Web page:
Insights from the school cafeteria

I have always dreaded – yes, dreaded – going to the kids’ schools for any reason.  This is hardly something that is acceptable among the “good moms” who are judging me in my head.  What kind of mom would avoid their kids’ schools like the plague?!?  Apparently just me.  I have limped my way through various required functions and class parties over the years, but it has not been fun.  And I’m sure it has been even less pretty to watch.

Recently, though, my middle one (E) has been pushing to have me come to her school for lunch.  Just a regular, every day lunch.  It’s shameful to admit but she has asked me before and I’ve come up with vague reasons for why it wouldn’t work, and then I would hope she would simply forget about it.  (I’m wincing as I write that because it seems so absurd and ridiculous – not to mention how awful it sounds.  Again, what kind of mom would do that?!?)

But lately, I’ve been thinking a lot about their childhood and how it could have been different if I had started really working on my depression earlier, or if my parents had given me even the tiniest little tools for emotional health, or if my husband and I hadn’t moved around so much.  There’s a LOT of guilt associated with all of that – more guilt than I can tackle at the moment.  But, all of these thoughts have made me more aware of what the kids might need from me.

So… lunch it is.  I made a date with my daughter and she was over the moon.  Mommy was finally going to come to her school for lunch.  She wanted me to bring her a happy meal with Sprite – a very special treat.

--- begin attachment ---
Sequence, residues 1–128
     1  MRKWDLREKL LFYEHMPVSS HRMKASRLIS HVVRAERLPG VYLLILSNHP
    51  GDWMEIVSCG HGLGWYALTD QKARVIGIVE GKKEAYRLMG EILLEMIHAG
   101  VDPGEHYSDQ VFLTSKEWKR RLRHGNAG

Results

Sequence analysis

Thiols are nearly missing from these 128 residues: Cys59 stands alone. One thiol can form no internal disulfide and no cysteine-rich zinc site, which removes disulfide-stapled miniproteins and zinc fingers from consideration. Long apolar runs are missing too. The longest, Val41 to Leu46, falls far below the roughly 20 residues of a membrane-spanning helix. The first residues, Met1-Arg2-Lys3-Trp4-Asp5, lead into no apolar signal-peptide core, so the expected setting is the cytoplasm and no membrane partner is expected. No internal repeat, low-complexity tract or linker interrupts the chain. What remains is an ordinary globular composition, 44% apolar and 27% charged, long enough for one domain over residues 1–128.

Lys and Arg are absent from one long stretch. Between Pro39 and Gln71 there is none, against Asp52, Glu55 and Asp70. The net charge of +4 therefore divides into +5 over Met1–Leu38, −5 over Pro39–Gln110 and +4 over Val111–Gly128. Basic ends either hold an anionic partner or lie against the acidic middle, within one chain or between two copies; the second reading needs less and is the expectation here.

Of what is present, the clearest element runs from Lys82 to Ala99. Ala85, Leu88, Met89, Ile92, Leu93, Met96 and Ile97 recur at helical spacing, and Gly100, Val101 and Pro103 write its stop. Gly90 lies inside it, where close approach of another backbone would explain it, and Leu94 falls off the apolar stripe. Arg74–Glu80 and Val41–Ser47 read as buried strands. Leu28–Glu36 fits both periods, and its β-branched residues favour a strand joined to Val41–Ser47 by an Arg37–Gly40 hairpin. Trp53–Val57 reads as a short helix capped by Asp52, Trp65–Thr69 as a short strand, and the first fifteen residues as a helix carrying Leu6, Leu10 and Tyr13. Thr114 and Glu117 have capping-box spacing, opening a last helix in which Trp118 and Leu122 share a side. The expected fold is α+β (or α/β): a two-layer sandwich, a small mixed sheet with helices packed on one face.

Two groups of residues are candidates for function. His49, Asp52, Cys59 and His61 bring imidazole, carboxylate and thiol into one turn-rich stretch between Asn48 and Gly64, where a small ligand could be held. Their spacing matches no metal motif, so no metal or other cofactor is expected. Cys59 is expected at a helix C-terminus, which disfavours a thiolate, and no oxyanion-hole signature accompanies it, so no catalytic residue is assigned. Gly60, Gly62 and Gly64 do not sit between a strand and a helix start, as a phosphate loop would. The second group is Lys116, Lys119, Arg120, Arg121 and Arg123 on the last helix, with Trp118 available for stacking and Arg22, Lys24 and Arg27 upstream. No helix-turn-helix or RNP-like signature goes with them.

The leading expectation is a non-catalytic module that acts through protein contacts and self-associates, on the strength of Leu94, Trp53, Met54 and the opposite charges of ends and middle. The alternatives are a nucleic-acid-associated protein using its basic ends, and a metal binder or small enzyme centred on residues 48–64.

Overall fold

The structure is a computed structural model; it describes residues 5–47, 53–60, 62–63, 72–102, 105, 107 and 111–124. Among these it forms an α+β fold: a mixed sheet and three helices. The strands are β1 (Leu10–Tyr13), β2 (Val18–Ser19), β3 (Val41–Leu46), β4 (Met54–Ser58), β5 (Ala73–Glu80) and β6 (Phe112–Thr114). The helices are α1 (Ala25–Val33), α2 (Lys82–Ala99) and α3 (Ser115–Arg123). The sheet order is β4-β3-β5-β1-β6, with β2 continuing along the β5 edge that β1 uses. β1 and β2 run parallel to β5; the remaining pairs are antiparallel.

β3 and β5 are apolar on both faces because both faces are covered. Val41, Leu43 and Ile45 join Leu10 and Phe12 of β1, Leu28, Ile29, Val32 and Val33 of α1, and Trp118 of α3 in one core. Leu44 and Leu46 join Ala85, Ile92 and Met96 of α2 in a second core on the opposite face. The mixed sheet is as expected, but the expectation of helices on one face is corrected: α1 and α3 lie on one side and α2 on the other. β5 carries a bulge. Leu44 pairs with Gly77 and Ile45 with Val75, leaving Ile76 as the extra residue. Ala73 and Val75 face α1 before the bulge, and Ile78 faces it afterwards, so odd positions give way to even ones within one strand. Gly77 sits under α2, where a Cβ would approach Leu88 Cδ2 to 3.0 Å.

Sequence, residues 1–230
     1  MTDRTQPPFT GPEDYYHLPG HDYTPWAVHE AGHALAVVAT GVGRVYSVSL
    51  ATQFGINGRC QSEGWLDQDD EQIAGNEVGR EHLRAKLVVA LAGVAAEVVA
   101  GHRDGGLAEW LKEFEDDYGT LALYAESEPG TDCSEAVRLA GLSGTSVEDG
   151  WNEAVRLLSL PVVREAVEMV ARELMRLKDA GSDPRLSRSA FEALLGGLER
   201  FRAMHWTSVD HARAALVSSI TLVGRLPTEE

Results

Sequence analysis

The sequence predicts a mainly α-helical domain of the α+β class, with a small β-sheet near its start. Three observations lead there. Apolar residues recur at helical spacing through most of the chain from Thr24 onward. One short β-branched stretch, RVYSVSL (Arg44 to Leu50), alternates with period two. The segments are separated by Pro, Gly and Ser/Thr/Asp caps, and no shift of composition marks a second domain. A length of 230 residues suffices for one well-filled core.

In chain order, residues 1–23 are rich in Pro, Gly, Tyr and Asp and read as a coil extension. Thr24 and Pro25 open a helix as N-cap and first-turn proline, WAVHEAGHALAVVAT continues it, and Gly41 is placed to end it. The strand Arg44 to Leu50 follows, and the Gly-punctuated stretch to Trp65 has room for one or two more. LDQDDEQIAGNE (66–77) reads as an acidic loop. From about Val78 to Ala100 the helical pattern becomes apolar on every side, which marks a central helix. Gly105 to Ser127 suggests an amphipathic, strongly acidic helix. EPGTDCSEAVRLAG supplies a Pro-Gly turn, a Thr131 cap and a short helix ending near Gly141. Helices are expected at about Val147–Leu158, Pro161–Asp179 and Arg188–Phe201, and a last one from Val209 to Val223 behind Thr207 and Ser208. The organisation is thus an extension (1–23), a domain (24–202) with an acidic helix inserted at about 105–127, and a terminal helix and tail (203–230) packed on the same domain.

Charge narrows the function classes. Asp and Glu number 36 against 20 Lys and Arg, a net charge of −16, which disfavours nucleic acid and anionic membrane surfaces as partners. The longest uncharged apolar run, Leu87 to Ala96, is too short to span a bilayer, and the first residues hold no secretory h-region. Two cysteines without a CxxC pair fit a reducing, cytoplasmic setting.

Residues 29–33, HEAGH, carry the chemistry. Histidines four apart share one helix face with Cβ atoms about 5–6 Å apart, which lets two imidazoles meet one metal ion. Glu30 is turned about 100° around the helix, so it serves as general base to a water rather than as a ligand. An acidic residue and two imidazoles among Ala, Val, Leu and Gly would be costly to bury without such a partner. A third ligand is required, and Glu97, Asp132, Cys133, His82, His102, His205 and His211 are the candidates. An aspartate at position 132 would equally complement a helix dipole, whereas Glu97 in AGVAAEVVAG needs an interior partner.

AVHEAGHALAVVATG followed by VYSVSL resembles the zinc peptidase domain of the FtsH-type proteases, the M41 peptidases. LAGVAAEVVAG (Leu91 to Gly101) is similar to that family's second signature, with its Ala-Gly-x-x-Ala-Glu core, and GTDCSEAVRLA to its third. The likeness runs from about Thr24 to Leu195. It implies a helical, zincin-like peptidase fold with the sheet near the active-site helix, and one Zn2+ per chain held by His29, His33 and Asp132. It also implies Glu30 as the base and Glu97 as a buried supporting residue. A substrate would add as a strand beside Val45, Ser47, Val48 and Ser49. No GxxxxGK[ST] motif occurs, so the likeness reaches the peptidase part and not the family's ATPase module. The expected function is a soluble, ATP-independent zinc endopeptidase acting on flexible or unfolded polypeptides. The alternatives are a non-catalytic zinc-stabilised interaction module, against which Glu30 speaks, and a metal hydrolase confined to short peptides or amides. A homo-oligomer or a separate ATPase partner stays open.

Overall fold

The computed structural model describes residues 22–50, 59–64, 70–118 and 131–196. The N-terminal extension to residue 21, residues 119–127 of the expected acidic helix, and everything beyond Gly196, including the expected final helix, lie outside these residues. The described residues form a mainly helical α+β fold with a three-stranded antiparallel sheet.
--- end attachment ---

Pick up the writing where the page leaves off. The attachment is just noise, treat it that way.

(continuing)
I, on the other hand, was far from over the moon.  I didn’t know what I was – but I knew that there was a lot of churning in my gut and in my head over this silly lunch.  (Therapist Me interjects that I shouldn’t call it “silly” because that’s being dismissive.  Noted.)

I was nervous on the day of the lunch.  I wasn’t sure what to wear – don’t want to look too fancy, or like I live in lounge pants all day, want to strike just the right chord of comfortable, yet sophisticated, fully connected mom.  I don’t even know what those clothes would look like, but I’m certain I don’t have them in my closet.

There’s nerves over what to wear, and how to register in the lobby so they can make sure I’m not a pedophile and I do have full custody rights to see my daughter.  Do I have to sign in at the office as well?  Where do I sit while I wait for E’s class?  Do I really have to put the tacky visitor sticker on my comfortable-yet-sophisticated-fully-connected-mom shirt that I chose for just this occasion?

I’m nauseating myself just writing this – can’t imagine that anyone could enjoy reading it.  So I’ll fast forward.  My daughter was SO excited to see me.  Jumps, and giggles, and all the visuals you associate with a happy 1st grader.  We had a fun lunch – she with her happy meal and me with my carefully selected lunch.  She didn’t fawn all over me like I expected – she just seemed happy and content to be there with me while she continued on with her lunch chatter and business as usual.  Thankfully I’ve had enough therapy over the years that I can recognize that as a sign of a healthy, happy kiddo, and perhaps even give myself a little bit of credit.

After lunch, I walked out to the car and collapsed.  Sink totally in the seat and take deep breaths hoping no one is in the car next to you kind of collapse.  Why?  Why did that one little lunch take so much out of me?

The answer, I realized, was anxiety.  Honest to goodness anxiety.  As I sat in the car, I realized that I had been worried and anxious about things the whole time I was at lunch.  It struck me so much that I wrote all of them down.  15 things in 30 minutes – that’s a different thing to be anxious about every 2 minutes.  Some examples: